South Korean students ‘key’ to fall of nation’s president

Role of Ewha Womans University protests in Park Geun-hye scandal highlighted

March 14, 2017
South Korea

Protesting students at a South Korean university have been credited with sparking the fall of the nation’s impeached president, Park Geun-hye.

Demonstrations by students at Ewha Womans University against the institution’s plans for a new degree programme eventually led to a sit-in to remove Ewha’s president, which in turn uncovered “a crucial piece of the puzzle in the political scandal that eventually brought down the country’s leader: the school’s favoritism to an equestrian athlete who turned out to be the daughter of Park’s secretive confidante, Choi Soon-sil”, The Washington Post reported.

“Ewha protests were the key to the impeachment,” said Lee Taek-Gwang, a professor of cultural studies at South Korea’s Kyunghee University. 

“The extent of Ewha’s favors to Choi’s daughter, Chung Yoo-ra, was further investigated by South Korea’s parliament and a special prosecution team. Seven school officials, including its former president and several professors, were indicted on criminal charges, and Chung’s admission to the university was cancelled,” The Washington Post said.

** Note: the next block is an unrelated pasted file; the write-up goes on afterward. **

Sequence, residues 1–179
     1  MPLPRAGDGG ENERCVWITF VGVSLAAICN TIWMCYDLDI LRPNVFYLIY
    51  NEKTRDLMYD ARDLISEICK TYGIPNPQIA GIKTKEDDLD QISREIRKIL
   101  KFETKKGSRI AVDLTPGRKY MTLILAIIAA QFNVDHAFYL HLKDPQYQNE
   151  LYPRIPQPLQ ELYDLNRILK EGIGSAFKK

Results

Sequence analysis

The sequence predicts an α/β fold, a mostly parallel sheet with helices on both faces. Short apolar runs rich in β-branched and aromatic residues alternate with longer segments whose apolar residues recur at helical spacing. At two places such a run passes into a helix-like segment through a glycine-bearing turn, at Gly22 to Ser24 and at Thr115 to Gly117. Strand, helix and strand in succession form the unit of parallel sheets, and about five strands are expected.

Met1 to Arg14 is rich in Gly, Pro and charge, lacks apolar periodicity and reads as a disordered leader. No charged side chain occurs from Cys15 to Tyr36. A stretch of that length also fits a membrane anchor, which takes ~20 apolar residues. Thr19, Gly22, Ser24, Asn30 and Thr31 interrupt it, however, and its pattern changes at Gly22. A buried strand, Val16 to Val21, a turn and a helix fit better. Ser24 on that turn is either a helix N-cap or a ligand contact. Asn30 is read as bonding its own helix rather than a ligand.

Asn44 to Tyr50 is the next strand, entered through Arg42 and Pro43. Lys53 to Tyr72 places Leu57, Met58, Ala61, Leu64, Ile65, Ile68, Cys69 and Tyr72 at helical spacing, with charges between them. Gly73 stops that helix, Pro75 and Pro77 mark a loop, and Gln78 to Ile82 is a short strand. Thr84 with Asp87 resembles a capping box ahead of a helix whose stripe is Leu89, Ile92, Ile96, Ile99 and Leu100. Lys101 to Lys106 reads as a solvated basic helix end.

The newspaper added that this “unleashed the massive popular movement that would help unseat Park, who was impeached by parliament in December” and formally removed from office last week. Ms Park is accused of being personally involved in Ms Choi’s pressuring of businesses to donate to the latter’s private foundations, in return for political favours.

As Times Higher Education reported in November, Ms Chung, a member of the national dressage team, enrolled at Ewha in 2015, soon after the university expanded its list of sports eligible for preferential treatment to include equestrian sports.

Despite minimal attendance and late submissions, Ms Chung received good marks, following a recently introduced internal regulation favouring the grades of students showing athletic or artistic ability.

The South Korean Ministry of Education dispatched a team to Ewha and found that Ms Choi’s daughter had been given preferential treatment. It then demanded that her admission to the university be cancelled.

john.morgan@tesglobal.com

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